Using Finagle’s Rules in Cosmology

first_imgFudging and finagling often underlie the confident-sounding claims of cosmologists.Finagle’s Rules prescribe ways to ameliorate Murphy’s Law in science.  They are needed because, according to Finagle, “The perversity of the Universe tends towards a maximum.”  Here are the rules:To study a subject, understand it thoroughly before you start.Always keep a record of data – it indicates that you have been working.Draw your curves first, then plot your data.If in doubt, make it sound convincing.Experiments should be reproducible – they should fail in the same way.Do not believe in miracles, rely on them.The case of the impossible star:  A “Methuselah” star older than the universe was reported on  That, of course, is impossible, so what did astronomers do?  In order to keep current theory intact, they worked the puzzle from both ends.  They increased the age of the universe, and worked to decrease the estimated age of the star from 16 billion years down to a more reasonable level, by altering theory to let it burn faster.  But the new estimate is still paradoxical, because the star has to be significantly younger than the big bang to allow time for gas to condense into galaxies.  “In the end, the astronomers estimated that HD 140283 was born 14.5 billion years ago, plus or minus 800 million years,” the article ends.  “Further observations could help bring the Methuselah star’s age down even further, making it unequivocally younger than the universe, researchers said.”  Is that further observations, or further finagling?The case of the unwelcome supernova:  Type-Ia supernovas are the “standard candles” of cosmology, critical links for determining distance and age of the universe.  An upstart new type of Type-Ia has been found, potentially blurring the calibration.  Called Type-Iax, it is 1/100th fainter and less energetic than classical Type-Ia supernovae, Science Daily said, and may account for a third of all Type-Ia supernovae.  Couldn’t that call into question earlier estimates, making some supernova events look farther away than they were?  The article didn’t say.  What it did say was not particularly encouraging for standard theory.  “Researchers aren’t sure what triggers a Type Iax,” for one thing.  What one astronomer said was even more disconcerting: “The closer we look, the more ways we find for stars to explode.” Maybe that’s why‘s headline read, “Whoa! Mini-Supernovas Discovered.”The case of the anomalous good fit:  Most of the science news media gave excited headlines about how a new map of the cosmic background radiation made from Planck Telescope data “confirms standard cosmology” (Science Now; see Finagle Rule #4). The Planck telescope, three times more sensitive than its predecessor WMAP, “backs sudden ‘inflation’ after the big bang,” according to Nature News.  They were less excited, and more worried, about the “anomaly” in the data, the so-called “axis of evil.”  Planck seems to have confirmed the presence of a preferred direction in space – a violation of the so-called “Copernican Principle” that expects every direction to look the same:The asymmetry “defines a preferred direction in space, which is an extremely strange result”, says Efstathiou. This rules out some models of inflation, but does not undermine the idea itself, he adds. It does, however, raise tantalizing hints that there may yet be new physics to be discovered in Planck’s data.Not only that, Planck found a “‘cold spot’ that covers a large area.” discussed how the new map makes the universe “older than thought” by about 100 million years, based on its calculated value of the Hubble constant.  The new truth to be told in textbooks is 13.82 billion years, not 13.7, meaning that “space and time are expanding slightly slower than scientists thought.”  The phrase “than thought” appears again in New Scientist: “The universe is almost perfect, 80 million years older than we thought, and maybe a little bit evil.”  New Scientist suggested the anomaly might represent a bump from a neighboring universe born from”eternal inflation” putting a “bruise” on ours – a speculative notion far beyond experimental confirmation.   At best, Efstathiou said, “There is less stuff that we don’t understand, by a tiny amount.”If you don’t know how much you don’t understand, then you don’t know how much you do understand.  Suppose you don’t understand 99.99% of reality.  Improving that to 99.98% (“a tiny amount”) is hardly cause for rejoicing.  A bad sign is when you have to conclude, based on your favored notions, that the stuff of stars and galaxies is perverse or evil.  Since gas cannot be evil, the evil must reside in the minds of the theorists who fudge and finagle the data, or invent new physics, to keep their presumably righteous theories intact.  When you hear a cosmologist worrying about an “extremely strange result,” ask whether it is the evidence, or the astronomer, that deserves the adjective.(Visited 45 times, 1 visits today)FacebookTwitterPinterestSave分享0last_img read more

Focus on African resources at Mining Indaba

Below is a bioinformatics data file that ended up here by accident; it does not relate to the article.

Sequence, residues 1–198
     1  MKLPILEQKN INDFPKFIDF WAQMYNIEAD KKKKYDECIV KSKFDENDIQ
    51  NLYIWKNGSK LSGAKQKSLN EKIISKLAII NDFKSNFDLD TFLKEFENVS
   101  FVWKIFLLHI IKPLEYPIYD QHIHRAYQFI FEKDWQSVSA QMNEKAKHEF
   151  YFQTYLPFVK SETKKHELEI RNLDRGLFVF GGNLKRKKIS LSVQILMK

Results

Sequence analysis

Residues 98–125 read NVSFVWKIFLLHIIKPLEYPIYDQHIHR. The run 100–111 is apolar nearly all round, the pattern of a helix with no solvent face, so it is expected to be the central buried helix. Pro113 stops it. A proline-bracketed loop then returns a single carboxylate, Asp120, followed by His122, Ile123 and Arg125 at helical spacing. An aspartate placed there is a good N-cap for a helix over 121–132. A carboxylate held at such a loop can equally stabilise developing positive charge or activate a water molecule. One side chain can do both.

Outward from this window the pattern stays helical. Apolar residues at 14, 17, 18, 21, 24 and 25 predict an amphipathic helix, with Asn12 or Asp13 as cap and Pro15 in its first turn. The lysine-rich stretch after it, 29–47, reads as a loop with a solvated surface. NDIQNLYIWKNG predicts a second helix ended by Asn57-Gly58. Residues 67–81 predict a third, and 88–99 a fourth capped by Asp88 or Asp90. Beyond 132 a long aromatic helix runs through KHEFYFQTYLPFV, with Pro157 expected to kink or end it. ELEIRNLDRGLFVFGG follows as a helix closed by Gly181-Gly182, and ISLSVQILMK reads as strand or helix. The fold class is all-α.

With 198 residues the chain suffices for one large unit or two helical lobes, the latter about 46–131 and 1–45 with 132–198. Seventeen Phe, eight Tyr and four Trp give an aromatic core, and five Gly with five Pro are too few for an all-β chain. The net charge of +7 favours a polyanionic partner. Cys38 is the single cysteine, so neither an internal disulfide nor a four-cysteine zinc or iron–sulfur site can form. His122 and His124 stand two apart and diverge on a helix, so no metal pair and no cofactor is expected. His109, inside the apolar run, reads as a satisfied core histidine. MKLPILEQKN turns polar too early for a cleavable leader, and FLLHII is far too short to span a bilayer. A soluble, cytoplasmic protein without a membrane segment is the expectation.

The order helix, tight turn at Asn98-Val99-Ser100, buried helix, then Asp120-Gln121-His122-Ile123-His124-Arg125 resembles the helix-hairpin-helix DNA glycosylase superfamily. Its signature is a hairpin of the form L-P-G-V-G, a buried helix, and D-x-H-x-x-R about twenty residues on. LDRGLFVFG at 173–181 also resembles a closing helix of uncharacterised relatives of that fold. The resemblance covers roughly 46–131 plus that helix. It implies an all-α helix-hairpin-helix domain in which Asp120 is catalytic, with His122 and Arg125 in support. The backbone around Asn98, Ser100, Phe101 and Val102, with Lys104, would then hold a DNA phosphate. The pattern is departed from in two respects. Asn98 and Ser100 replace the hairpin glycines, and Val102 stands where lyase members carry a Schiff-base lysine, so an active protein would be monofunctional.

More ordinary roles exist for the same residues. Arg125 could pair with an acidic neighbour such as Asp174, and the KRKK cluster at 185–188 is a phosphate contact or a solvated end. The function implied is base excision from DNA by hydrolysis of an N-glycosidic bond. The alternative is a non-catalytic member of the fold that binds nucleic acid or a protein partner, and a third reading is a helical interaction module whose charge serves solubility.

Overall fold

first_imgDelegates at the 20th annual African Mining Indaba at the Cape Town International Convention Centre on Monday 3 February. (Image: African Mining Indaba)The Investing in African Mining Indaba got off to an energetic start in Cape Town on Monday 3 February, with a number of parallel sessions and a busy exhibition hall.Now in its 20th year, the Mining Indaba is hosting 7 800 delegates at the Cape Town International Convention Centre, representing 110 countries across six continents, with the majority – 61% – from Africa.With #MiningIndaba trending on Twitter, the morning was given over to workshops and discussions focused was on transparency in the extractive industry, and on the scramble for Africa’s resources – the continent accounts for 30% of global resources, much of it untapped.Experts at the indaba agreed it had been a challenging year for mining, with a commodity demand stabilising and prices dropping. But they forecast an uptick globally. There was plenty of growth potential, they said, particularly in China. The message out of the Securities Exchange Panel, for instance, was that a month into 2014 things were “unquestionably getting better” for mining financial markets.Red Door Research’s managing director, Jim Lennon, said in the next five years, “expect recovery in non-Chinese demand. China provides ground to get bullish again about commodities.” China represented almost 50% of the global commodity demand, though there was “no question” we were in a much slower growth period in China, but growth would remain strong in volume terms.China represented close to 50% of demand for commodities, but, he asked: Would the next 50 years be Africa’s period? “Possibly, if challenges are overcome.”David Cox, from analysts SNL Metal Economics Group, had a gloomier outlook, predicting a 15% to 20% decrease for exploration in Africa in 2014. At present, Canada drew 14% of world mineral exploration spending; South Africa only 1%. Spending on exploration was at $2-85-billion, although Africa was still lagging behind Latin America, while Canada continued to lose ground.Worldwide exploration in 2013 was led by Latin America at 26.7%; the rest of world took 16.5%; Africa took 16.5%. Adding copper shifted Africa to second place, however.Some good news came from Professor Magnus Ericsson, executive director at research group IntierraRMG, who said iron ore prices were expected to remain steady well into 2030, hovering around $120. And MoneyGold’s James Turk put the case for a return to gold as money in the 21st century. It retained its purchasing power over a long period, he pointed out.Social compact in miningThe Mining Ministerial Forum, running alongside the indaba, was opened by Mineral Resources Minister Susan Shabangu, who focused on the need for a social compact between companies and communities. Africa had high exploration potential, requiring local and international partners and investment to unearth.She called for responsible investment on the continent, “not based on exploitative principles centred solely on expectations for unrealistic rates of returns that are disguised on the principle of high risk – high return. As you know, mining is a long term investment and not about quick wins. Those who balance Africa’s mineral development with growth will ultimately receive the greatest reward in the long term.”Enduring partnerships, community development, nurturing human capacity growth and development, as well as institutional collaboration on joint technology development and deployment were strong themes in her remarks.“We also have to be cognisant of the fact that in order to effectively and comprehensively address the plight of the African continent, a gigantic shift and transformation in traditional mining jurisdictions is required,” the minister said. “This should entail a shift from exporting of largely raw materials to ensuring that minerals serve as a catalyst for accelerated industrialisation through mineral value-addition. This will also require development corridors that are a subject of multi-purpose infrastructure development.”Such investment required partners to agree on a creative win-win formula for financing of infrastructure that would deliver “Africa’s promise” and enable the emergence of a resilient African continent. The outlook for growth in the medium to long term was extremely positive, but Africa must speak with a single voice. “The African Mining Vision is indeed that voice. However, it is important that the Mining Vision be driven and led by Africans, who must ensure that Africa’s mineral resources are exploited in an equitable and optimal manner that underpins a broad-based sustainable inclusive growth and socio-economic development.”‘Make the most of what we’ve got’In his keynote address at the main indaba, Phil Newman, the chief executive of consultancy CRU Strategies, said he was optimistic. “I think we are due another game change.” He was speaking about the changing face of world mineral supply. His key point was that changing mineral supply was not new, and was something that would always change. It was important, however, not to miss it, and to remember that necessity was the mother of invention. “We can all learn from the ability of China to make the most of what we’ve got.”Mineral supply was affected by a number of drivers, two of which were technology and political will, or interference. Technology was going to become more and more important to mining, and innovation was key. He would not make any political predictions, but concluded by saying: “I believe technology will surprise us this decade – if only I knew how.”last_img read more